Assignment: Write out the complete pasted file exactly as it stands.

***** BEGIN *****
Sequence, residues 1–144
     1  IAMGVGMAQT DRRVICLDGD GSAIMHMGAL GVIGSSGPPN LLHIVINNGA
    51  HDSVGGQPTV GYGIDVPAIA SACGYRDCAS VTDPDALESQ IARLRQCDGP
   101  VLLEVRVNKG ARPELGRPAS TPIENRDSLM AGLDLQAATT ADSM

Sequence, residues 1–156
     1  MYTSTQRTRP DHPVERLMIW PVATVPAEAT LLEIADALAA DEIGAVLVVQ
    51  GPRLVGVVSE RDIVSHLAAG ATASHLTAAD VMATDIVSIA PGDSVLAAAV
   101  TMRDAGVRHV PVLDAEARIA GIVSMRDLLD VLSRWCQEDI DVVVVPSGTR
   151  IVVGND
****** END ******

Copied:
Sequence, residues 1–144
     1  IAMGVGMAQT DRRVICLDGD GSAIMHMGAL GVIGSSGPPN LLHIVINNGA
    51  HDSVGGQPTV GYGIDVPAIA SACGYRDCAS VTDPDALESQ IARLRQCDGP
   101  VLLEVRVNKG ARPELGRPAS TPIENRDSLM AGLDLQAATT ADSM

Sequence, residues 1–156
     1  MYTSTQRTRP DHPVERLMIW PVATVPAEAT LLEIADALAA DEIGAVLVVQ
    51  GPRLVGVVSE RDIVSHLAAG ATASHLTAAD VMATDIVSIA PGDSVLAAAV
   101  TMRDAGVRHV PVLDAEARIA GIVSMRDLLD VLSRWCQEDI DVVVVPSGTR
   151  IVVGND